The Purpose of Paranoia (February 2005)Saturday, 02 April 2011 02:19
The Purpose of Paranoia
Last November I was speaker at the Anarchist Book Fair in London. Three nights before I had been speaking at the Royal Society for the Arts. These were two very different audiences, but with both, as ever, there was a queue of people wanting to speak to me after my talk. Some of these people simply wanted to tell me that they had found my books helpful which, as you can imagine, is enormously heartening, but there were also several people who wanted to ask me something quite personal about themselves. This is always difficult for me as we are never in a private situation. The person usually introduces the subject haltingly, often in a way which takes me a while to understand. It slowly dawns on me that I am being asked something huge, something which, if I were presented with it in the privacy of my study, would cause me to pause, consider, and answer slowly and carefully. Yet here I am presented with one of life’s greatest problems in a totally personal form and in a public space. I stumble through some kind of answer, and afterwards ponder, worry, and work out what I ought to have said.
The people in the RSA queue who asked me difficult questions talked about the kinds of trauma which I have encountered, either personally or through my clients, and so I was able to make some reasonably sensible suggestions about what might be done, but a man at the Anarchist Book Fair asked me something which at first seemed to be right outside my experience and expertise.
English was not his first language, and I had to concentrate hard to understand what he was saying. He was asking me about a friend. Often, when a questioner asks me about a friend I suspect that the person is actually asking about himself, but here the man’s friend was a woman. Like him she was a refugee from Saddam’s Iraq. She had been given refugee status, so I assumed that terrible things had happened to her. He spoke of her intense suffering as a refugee and of her passionate concern about her country, and then of her success in completing a university degree after coming to England. What troubled him was that at the point in her life when she was at last free from political persecution, when she had right of residence in a safe, stable country, and she had achieved academic success she began to slip into a state of paranoia. She had always discussed political matters with her friends in a very intelligent and knowledgeable way, but now she brought to such discussions her conviction that she was under constant CIA supervision and her every deed and thought was being recorded by them.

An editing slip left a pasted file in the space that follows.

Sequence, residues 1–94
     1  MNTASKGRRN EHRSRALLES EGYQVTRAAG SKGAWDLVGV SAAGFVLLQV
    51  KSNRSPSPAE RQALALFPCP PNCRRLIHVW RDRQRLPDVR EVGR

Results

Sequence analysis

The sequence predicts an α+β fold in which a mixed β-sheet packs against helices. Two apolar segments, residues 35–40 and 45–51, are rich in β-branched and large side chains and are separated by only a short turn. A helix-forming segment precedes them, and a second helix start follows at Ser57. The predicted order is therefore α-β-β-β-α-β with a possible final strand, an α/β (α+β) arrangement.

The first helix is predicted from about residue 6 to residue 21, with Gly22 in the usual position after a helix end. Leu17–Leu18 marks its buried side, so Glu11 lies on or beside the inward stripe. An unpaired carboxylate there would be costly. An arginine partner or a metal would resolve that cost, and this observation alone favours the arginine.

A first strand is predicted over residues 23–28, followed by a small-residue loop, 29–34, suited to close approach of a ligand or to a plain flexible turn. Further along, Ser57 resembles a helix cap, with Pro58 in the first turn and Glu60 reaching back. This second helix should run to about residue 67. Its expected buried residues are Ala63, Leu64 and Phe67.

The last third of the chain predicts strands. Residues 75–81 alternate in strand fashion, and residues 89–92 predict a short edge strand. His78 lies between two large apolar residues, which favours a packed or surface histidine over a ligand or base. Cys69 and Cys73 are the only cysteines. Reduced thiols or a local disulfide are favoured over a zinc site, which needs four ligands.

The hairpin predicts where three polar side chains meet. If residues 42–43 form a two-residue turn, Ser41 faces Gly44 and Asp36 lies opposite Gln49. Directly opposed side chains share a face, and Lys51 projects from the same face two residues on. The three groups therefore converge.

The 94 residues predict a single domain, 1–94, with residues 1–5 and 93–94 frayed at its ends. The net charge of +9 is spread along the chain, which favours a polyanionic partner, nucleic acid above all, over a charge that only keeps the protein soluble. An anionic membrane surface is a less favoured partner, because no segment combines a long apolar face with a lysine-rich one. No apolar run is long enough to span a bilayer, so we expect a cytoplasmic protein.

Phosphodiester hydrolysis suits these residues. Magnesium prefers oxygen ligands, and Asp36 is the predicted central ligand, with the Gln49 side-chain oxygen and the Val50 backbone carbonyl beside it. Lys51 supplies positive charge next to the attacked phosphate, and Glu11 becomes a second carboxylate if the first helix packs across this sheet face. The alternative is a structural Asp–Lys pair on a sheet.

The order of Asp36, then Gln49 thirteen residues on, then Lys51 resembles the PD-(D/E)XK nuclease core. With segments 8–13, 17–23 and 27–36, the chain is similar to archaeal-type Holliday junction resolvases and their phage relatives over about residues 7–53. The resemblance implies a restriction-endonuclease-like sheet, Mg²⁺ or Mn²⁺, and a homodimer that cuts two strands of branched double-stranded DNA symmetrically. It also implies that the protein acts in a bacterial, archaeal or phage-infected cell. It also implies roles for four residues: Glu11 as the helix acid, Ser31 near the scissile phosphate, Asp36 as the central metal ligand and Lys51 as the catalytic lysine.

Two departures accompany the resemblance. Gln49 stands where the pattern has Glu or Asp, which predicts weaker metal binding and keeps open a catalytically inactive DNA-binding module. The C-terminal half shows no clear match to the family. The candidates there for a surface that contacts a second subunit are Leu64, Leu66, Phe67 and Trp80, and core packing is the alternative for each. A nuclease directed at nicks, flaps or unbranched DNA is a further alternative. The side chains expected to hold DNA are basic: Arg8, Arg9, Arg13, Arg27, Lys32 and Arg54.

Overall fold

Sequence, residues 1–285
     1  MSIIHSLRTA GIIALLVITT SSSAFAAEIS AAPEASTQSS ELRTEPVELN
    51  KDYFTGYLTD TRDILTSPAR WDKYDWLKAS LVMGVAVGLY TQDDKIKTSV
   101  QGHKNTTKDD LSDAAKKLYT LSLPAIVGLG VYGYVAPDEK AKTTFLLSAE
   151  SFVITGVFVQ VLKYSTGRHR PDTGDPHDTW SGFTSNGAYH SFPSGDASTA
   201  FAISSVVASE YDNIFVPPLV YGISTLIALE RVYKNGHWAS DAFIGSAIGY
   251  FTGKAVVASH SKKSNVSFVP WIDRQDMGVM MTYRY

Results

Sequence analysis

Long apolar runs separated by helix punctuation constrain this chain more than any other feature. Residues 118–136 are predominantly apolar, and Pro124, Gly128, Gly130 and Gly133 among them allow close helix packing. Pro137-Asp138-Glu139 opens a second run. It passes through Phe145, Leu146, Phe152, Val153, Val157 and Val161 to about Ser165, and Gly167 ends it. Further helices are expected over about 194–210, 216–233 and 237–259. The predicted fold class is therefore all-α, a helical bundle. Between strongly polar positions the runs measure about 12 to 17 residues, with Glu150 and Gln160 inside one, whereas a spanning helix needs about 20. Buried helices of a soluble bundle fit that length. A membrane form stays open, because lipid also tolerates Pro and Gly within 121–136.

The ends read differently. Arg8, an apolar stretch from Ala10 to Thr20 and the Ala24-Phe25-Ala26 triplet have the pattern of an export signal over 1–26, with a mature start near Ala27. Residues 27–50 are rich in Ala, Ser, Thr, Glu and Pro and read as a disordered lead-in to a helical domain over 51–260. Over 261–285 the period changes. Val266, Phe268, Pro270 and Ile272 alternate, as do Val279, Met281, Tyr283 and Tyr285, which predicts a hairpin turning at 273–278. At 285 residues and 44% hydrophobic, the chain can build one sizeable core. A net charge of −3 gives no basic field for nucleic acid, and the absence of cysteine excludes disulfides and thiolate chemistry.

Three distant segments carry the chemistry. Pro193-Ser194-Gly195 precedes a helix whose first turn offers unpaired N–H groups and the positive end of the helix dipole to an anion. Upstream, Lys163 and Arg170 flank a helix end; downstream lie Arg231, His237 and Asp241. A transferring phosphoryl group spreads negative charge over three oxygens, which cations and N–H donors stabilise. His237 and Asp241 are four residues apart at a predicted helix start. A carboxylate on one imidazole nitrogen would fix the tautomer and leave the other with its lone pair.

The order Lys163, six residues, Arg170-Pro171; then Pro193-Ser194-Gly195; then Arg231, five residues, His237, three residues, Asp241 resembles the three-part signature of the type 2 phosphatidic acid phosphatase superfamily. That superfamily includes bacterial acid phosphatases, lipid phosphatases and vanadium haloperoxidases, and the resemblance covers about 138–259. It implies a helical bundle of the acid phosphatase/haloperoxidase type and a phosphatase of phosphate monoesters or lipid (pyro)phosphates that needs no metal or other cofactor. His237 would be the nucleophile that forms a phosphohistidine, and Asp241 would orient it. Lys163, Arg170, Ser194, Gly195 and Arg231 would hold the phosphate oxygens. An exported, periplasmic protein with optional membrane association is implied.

I know about paranoia but I don’t know directly about living in a police state and about being tortured. I spoke to him about the Medical Foundation for the Care of Victims of Torture and about those psychiatrists and psychologists who have specialised in working with refugees, but I knew that paranoid people are likely to see such professionals as agents of the persecuting power. The man’s mention of the CIA aroused the interest of those waiting to speak to me and they pressed closer to listen. We decided to end our conversation, but not before I said something about how paranoia was a defence which we can use to hold ourselves together when we feel ourselves falling apart. A young woman who had been listening to our conversation now asked me to explain what I meant by this.
I tried to explain briefly that whenever we discover that something which had given meaning, purpose and structure to our life has suddenly disappeared we feel our very sense of being a person shattering, crumbling, even disappearing. It is utterly terrifying. This can happen when a person loses the job on which he had built his identity, or lost the family which defined his life’s purpose. It is common for people in such situations to blame themselves for the disaster that has befallen them, and thus become depressed. However, when a person has grown up in a situation where his family are the victims of political persecution, where his every action and thought have to take into account the constant danger he is in, then his ideas about persecution and the defences against persecution can become central to his understanding of himself. If he escapes from this persecution to a place of safety but loses family and friends along the way he can find himself falling apart in a world where he feels himself to be completely alone. To hold himself together he can reconstitute the ideas of persecution and defence in a way which is part fantasy, part reality. These ideas will give a structure and purpose to his life and will also assure him that he is not entirely alone. The great benefit of paranoia is that someone, somewhere is thinking of you.
I don’t know whether any of this applies to the woman from Iraq. I could know that only by talking to her. But I have met many paranoid people and have seen how these people actually valued their paranoia. They might not be happy but they are sure that their life has significance.
When the crowd around me had dispersed I moved to another part of the room to record an interview for an anarchist internet radio station (number of listeners: 10). As I waited for the recording equipment to be set up the man from Iraq approached me and asked how best he could help his friend. ‘Just continue to do what you’re doing,’ I replied. ‘Be her friend. Don’t tell her her ideas are wrong but help her keep them in some kind of proportion so that she doesn’t get too frightened.’ Afterwards I thought, ‘That’s really the answer for all our problems. Make sure that you’ve got a good friend!’
Dorothy Rowe Beyond Fear second edition, HarperCollins
To visit the web site for
the Medical Foundation for the Care of Victims of Torture
click this link http://www.torturecare.org.uk